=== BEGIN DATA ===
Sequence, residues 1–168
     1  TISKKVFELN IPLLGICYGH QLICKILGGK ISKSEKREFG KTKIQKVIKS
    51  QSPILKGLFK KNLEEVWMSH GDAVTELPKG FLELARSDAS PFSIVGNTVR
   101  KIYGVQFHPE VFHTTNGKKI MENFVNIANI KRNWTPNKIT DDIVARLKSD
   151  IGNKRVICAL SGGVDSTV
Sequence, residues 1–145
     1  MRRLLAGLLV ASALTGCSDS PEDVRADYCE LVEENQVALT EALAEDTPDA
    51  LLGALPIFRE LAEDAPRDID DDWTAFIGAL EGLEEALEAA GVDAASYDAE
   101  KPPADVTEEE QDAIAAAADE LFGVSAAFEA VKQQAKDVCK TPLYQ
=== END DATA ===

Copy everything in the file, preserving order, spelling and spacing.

Sequence, residues 1–168
     1  TISKKVFELN IPLLGICYGH QLICKILGGK ISKSEKREFG KTKIQKVIKS
    51  QSPILKGLFK KNLEEVWMSH GDAVTELPKG FLELARSDAS PFSIVGNTVR
   101  KIYGVQFHPE VFHTTNGKKI MENFVNIANI KRNWTPNKIT DDIVARLKSD
   151  IGNKRVICAL SGGVDSTV
Sequence, residues 1–145
     1  MRRLLAGLLV ASALTGCSDS PEDVRADYCE LVEENQVALT EALAEDTPDA
    51  LLGALPIFRE LAEDAPRDID DDWTAFIGAL EGLEEALEAA GVDAASYDAE
   101  KPPADVTEEE QDAIAAAADE LFGVSAAFEA VKQQAKDVCK TPLYQ